ROI, KPI, MoM; if you’re a new business owner, a lot of these acronyms can sound like mumbo-jumbo. However, as you know, the words behind the acronyms can be key indicators of your business’ success, with one of those key indicators being your business’s Profit and Loss (P&L) statement.
A P&L statement is an essential document that shows in black and white whether your business is making or losing money. However, if you’ve never put a P&L statement together, it can seem pretty daunting. Thankfully, we’ve put together a few points to help you learn more about what this statement stands for, when you’ll need one, and top tips for putting together your business’ first P&L statement.
What is a P&L Statement?
A Profit and Loss statement (P&L) is a report that provides a snapshot of your business’ overall revenue, expenses, and profits and losses. A P&L statement shows banks, lenders, and investors your company’s ability to generate sales, manage expenses, and create profits.
Typically a P&L statement shows a total for the year, but can be broken down into monthly or quarterly periods, as well. Unlike a balance sheet, which dives deeper into your company’s assets, liabilities, equity, and debts, a P&L statement is considered to be the most important because it shows your overall ability to make a profit (or not).
A P&L statement is made up of two parts: income earned and expenses. And, while every business’ P&L will differ a bit based on your business and overall sales model, they all contain five core components:
- Revenue (Sales): This is your non-operating revenue, meaning total revenue earned without allocating for business operational expenses.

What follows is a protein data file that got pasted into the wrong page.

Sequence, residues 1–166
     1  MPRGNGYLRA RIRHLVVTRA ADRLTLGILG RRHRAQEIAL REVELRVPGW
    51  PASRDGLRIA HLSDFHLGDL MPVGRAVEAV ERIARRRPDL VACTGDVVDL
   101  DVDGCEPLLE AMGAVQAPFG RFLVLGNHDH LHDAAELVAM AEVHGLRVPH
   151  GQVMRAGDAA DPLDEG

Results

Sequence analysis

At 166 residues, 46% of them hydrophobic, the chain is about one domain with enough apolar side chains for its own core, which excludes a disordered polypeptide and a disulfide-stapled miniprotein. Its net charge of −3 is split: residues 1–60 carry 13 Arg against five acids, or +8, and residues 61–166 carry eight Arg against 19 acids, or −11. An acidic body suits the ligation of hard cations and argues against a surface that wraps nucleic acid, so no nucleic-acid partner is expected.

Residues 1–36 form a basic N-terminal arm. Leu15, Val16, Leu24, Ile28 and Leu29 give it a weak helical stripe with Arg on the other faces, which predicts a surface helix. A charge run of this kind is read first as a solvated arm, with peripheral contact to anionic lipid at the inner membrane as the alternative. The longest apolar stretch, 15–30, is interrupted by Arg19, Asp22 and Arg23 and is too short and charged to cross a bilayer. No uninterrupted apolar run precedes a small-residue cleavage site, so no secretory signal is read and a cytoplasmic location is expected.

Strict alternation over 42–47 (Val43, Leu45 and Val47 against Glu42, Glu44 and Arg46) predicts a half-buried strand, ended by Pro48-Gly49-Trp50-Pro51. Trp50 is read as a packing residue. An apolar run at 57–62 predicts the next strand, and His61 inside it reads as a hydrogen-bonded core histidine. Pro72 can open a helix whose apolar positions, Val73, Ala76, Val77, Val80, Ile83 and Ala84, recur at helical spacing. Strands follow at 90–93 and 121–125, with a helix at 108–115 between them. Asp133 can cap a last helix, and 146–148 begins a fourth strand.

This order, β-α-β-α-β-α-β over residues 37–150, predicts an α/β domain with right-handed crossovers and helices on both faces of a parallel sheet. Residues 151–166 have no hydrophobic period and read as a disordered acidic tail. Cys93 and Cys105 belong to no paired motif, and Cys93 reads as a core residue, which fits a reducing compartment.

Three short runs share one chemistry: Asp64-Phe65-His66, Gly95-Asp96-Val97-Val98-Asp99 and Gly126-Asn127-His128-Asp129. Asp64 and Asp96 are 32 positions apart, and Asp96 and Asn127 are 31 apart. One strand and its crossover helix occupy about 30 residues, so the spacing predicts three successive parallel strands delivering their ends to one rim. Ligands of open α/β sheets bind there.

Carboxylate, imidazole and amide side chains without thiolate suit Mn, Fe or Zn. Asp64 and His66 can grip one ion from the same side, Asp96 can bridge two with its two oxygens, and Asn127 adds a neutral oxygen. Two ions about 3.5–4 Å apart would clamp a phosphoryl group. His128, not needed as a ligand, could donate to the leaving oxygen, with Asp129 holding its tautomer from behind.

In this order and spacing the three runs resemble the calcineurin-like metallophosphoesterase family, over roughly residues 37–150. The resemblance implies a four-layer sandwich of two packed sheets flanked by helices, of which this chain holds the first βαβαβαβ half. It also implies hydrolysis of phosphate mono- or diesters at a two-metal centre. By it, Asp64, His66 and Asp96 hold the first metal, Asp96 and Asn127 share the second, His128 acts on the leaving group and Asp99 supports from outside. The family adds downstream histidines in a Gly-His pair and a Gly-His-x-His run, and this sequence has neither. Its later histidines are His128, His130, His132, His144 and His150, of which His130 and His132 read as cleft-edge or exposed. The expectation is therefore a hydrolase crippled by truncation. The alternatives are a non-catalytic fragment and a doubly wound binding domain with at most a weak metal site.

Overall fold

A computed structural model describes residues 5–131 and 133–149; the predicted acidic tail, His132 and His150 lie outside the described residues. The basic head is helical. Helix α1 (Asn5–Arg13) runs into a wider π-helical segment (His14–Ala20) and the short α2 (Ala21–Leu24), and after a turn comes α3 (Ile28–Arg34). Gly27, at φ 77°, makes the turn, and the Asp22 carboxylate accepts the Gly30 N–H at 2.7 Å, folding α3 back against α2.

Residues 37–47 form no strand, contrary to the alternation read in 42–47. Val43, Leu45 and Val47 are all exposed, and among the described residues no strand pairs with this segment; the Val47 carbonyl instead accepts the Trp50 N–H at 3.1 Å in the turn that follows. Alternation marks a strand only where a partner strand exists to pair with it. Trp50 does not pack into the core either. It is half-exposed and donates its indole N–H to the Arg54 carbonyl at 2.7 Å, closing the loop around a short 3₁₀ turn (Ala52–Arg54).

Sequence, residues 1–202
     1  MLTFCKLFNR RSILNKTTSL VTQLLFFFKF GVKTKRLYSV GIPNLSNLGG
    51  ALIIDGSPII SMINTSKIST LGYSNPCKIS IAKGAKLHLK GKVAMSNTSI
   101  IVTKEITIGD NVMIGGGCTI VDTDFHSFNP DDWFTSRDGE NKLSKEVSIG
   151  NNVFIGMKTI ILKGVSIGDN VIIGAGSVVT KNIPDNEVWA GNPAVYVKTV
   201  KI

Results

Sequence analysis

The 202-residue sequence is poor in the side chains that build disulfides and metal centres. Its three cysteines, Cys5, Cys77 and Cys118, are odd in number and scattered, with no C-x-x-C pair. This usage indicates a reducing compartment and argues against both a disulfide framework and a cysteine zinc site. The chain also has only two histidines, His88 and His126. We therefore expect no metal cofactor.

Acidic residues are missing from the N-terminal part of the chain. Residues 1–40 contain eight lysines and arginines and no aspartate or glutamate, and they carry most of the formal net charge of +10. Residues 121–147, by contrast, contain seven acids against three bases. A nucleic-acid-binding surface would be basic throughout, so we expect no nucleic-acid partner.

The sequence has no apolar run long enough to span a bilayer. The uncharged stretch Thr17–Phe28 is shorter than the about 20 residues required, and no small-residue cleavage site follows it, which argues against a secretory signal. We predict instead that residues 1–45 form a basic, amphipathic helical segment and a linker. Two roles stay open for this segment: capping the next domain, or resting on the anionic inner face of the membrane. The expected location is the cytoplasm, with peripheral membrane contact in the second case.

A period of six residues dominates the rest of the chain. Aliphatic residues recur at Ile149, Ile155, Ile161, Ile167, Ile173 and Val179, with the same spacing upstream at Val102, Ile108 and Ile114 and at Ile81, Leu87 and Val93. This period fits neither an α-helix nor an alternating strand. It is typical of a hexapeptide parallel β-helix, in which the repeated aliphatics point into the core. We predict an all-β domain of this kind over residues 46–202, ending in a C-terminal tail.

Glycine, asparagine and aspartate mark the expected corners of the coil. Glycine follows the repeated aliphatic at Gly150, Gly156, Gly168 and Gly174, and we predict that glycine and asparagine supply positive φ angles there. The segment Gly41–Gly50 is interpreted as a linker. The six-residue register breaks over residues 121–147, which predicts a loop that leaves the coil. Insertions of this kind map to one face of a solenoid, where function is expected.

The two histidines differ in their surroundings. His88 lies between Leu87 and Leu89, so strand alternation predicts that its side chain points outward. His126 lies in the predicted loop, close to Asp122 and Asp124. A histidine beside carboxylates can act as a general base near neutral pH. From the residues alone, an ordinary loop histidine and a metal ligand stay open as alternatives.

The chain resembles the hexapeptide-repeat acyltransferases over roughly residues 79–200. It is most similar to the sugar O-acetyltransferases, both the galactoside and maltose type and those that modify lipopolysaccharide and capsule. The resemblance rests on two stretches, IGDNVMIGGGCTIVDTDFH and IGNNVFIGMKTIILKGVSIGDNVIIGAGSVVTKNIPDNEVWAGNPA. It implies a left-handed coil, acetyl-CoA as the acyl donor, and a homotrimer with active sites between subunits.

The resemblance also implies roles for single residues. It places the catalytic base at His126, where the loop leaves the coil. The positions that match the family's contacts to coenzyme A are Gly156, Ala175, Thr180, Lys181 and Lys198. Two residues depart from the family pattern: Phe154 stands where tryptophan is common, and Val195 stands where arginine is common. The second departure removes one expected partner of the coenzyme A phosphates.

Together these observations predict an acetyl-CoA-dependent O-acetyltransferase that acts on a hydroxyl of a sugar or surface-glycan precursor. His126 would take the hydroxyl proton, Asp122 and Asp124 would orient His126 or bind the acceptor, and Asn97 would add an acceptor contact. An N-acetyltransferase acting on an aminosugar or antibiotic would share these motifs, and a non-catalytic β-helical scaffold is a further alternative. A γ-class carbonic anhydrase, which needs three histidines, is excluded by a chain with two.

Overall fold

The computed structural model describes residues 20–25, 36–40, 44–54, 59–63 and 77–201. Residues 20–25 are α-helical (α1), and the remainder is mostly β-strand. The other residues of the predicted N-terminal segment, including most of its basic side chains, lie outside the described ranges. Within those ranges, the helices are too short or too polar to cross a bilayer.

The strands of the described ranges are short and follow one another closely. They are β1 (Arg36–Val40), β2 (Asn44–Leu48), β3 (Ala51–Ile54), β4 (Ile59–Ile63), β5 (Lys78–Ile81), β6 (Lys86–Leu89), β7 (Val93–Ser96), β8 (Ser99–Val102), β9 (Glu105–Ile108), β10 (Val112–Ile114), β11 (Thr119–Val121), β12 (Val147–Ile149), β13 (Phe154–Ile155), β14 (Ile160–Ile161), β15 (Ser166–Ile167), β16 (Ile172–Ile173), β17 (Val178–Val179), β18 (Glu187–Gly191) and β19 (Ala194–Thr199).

- Cost of Goods Sold (COGS): This is the total cost of your products and/or services.
- Gross Profit: This is your net revenue, excluding any costs of sales. To find this number, subtract your COGS (item #2) from your revenue (item #1).
- Expenses: This line item includes any administrative, general and operational expenses related to running your business (ie: rent, utilities, payroll).
- Net Profit: Your net profit represents the total amount earned after deducting all expenses. To calculate net profit, subtract your expenses (item #4) from your gross profit (item #3).
When You May Need a P&L Statement
It’s worth noting that, while publicly traded companies are required to prepare and file P&L statements with the SEC for investors, analysts, and regulators, small businesses and private companies are not required to put P&L statements together. However, by neglecting your business’ profits and losses, you could be setting yourself up for financial failure and risking over-investing on an under-delivering business model.
If you’re a sole proprietor, it’s a good idea to have a P&L statement ready in the case that you’re required to submit it to the IRS for tax purposes. Additionally, if you’re self-employed and are intending to apply for financing or additional capital in the near future, you may be asked to provide a P&L as part of your loan application. By keeping a P&L statement and updating it at least quarterly, you’ll be helping your future self secure financing faster, without having to scramble numbers together at the last minute.
If you’re ready to set up your business’ P&L statement but need some help, check out these free templates, and always consult with a financial advisor if you’re unsure of anything – the future of your business could depend on it!
The opinions expressed in this post are for informational purposes only. To determine the best financing for your personal circumstances and goals, we advise you to consult with a licensed advisor.
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